Chelsea Fagan, @thefinancialdiet

  • Follow on—Instagram, X, and YouTube212223
  • Tips on—Spending, saving, debt, budgeting, and money management

Chelsea Fagan founded The Financial Diet blog in 2014 as a personal finance blog. She has since grown it into a company dedicated to helping women feel more confident in managing their finances. Her Instagram account has close to 1 million followers and offers plenty of practical tips for improving your financial life.

Jeremy Schneider, @PersonalFinanceClub

  • Follow on—Instagram and TikTok2425
  • Tips on—Investing

Jeremy Schneider offers his followers a crash course in investing basics. His approach to content is largely visual. He explains complex investing topics with easy-to-read infographics. This could be a great place to start if you’re new to investing and need some help building a solid foundation.

Daniella Flores, @iliketodabble

  • Follow on—Instagram, X, Facebook, and YouTube26272829
  • Tips on—Side hustles, making money, saving money, and budgeting

1-Daniella Flores started the I Like to Dabble blog in 2017 to document their experiments with various side hustles and ways of making money on the side. Daniella and Alexandra (Daniella’s spouse) were able to pay off $40,000, and Daniella is now an active voice in promoting financial health and independence for members of the LGBTQ+ community.30

Anthony O’Neal, @anthonyoneal

  • Follow on—Instagram, X, and YouTube313233
  • Tips on—Debt and money management

Anthony O’Neal is a best-selling author and speaker, and he’s also garnered a sizable YouTube following by sharing financial advice for students. One of his main focuses is teaching you to get out of debt so that you can live your best life financially.

Anjie and RJ Muhammad, @richbyintention

  • Follow on—Instagram and website/podcast34Instagram. “richbyintention.”35
  • Tips on—Managing money and building wealth as a couple

Anjie and RJ Muhammad are a married couple who understand how important it is to be able to manage money as a team, especially when building wealth is the goal. They’ve paid off more than $100,000 in student loan debt together and use their experiences to help other couples manage money with fewer arguments.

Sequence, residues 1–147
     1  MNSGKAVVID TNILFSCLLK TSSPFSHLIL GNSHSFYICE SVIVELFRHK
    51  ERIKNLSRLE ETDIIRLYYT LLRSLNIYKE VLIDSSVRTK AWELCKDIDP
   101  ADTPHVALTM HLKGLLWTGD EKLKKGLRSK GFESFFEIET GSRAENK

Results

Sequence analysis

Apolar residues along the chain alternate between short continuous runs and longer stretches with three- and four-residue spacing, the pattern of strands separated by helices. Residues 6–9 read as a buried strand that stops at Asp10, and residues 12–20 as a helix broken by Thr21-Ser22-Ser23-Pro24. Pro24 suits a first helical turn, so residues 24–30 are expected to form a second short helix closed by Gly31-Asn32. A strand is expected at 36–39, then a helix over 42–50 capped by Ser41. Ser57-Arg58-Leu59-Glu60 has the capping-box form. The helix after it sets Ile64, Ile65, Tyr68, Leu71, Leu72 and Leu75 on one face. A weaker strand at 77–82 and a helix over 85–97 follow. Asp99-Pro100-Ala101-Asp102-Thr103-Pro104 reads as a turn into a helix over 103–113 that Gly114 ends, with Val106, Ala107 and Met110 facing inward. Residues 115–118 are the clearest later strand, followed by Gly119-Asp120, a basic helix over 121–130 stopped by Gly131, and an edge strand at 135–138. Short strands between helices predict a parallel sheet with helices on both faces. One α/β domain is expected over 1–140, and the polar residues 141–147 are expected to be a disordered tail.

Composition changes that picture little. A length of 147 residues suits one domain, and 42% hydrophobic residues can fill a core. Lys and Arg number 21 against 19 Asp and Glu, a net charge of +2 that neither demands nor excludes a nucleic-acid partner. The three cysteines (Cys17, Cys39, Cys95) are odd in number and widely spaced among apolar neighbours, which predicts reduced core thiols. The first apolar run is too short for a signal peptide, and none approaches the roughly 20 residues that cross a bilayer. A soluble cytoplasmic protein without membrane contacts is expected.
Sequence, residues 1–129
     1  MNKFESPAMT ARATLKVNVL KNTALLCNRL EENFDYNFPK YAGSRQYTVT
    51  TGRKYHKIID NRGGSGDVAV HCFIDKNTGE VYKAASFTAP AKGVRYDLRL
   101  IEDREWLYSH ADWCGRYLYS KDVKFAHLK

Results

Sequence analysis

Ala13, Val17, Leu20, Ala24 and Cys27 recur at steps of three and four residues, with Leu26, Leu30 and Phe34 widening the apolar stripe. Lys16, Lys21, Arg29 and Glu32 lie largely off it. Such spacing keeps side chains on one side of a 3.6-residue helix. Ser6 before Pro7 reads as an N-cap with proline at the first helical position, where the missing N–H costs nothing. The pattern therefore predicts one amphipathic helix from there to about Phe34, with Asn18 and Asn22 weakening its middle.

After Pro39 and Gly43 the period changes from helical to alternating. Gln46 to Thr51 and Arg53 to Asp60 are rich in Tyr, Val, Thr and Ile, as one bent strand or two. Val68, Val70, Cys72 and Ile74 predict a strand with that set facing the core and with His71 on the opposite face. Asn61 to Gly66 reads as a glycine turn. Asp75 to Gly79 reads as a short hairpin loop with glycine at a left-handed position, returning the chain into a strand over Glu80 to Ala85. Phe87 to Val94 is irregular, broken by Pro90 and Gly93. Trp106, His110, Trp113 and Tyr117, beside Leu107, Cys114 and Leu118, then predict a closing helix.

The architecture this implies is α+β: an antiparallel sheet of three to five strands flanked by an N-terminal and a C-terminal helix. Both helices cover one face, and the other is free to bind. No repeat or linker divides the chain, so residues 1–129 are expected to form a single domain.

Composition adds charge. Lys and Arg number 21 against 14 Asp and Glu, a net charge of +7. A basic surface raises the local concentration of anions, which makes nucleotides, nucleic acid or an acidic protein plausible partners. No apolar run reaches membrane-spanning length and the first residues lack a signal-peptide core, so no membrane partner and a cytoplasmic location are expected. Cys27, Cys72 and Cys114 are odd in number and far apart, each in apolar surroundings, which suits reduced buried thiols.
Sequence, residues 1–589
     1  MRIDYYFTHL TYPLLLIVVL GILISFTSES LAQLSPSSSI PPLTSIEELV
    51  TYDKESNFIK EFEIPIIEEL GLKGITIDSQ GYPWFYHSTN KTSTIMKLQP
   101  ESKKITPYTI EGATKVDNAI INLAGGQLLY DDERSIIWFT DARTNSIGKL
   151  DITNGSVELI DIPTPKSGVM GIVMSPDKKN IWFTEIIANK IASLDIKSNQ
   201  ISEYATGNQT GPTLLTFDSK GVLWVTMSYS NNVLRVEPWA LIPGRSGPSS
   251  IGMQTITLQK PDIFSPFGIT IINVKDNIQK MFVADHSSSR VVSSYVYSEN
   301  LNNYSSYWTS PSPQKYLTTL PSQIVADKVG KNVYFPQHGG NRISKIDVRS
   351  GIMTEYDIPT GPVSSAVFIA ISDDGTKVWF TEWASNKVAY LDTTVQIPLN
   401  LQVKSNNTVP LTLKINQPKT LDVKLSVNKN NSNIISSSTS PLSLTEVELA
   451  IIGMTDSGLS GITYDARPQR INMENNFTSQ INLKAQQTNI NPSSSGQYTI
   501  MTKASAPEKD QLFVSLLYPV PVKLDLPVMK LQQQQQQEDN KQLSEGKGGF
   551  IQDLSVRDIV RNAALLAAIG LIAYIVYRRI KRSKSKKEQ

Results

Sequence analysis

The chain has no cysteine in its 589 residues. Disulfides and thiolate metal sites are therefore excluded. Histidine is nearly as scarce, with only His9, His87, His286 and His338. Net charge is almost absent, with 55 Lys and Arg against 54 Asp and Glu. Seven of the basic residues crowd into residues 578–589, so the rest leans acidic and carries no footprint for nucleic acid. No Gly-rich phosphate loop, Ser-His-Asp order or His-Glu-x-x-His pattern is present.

Who Are Personal Finance Influencers?

Personal finance influencers are people who use social media platforms and websites to offer tips about money. In terms of success, they’re typically gauged by the size of their following and the visibility of their brand. Some of the top influencers have audiences that number in the millions.

How Do You Become a Personal Finance Influencer?

Becoming a personal finance influencer starts with identifying a target audience and understanding which problems they might need help solving. From there, you can create a content plan that speaks to those needs and build your following across different social media platforms.

Are Personal Finance Influencers Legit?

Many are legitimate in that they’re drawing on their own experiences or relying on their professional expertise to share money tips. There are, however, some who lack credibility and authority, so it’s important to do your research when deciding whom to follow.

Is It Legal to Give Financial Advice on Social Media?

Anyone can share financial advice on social media, but it’s important to understand how that can potentially create legal issues. For example, if you’re an influencer who recommends a specific banking product for which you are also an affiliate, you have to disclose that relationship to your audience. Otherwise, you could land in hot water with the Federal Trade Commission (FTC).

The Bottom Line

Following personal finance influencers can be a useful way to get money advice, but it’s important to consider the source. Many influencers specifically note that their tips should not be considered a substitute for professional financial advice. If you’re struggling with how to make a budget or need some insight into how to develop a retirement strategy, you may want to consider meeting with a certified credit counselor or a financial advisor.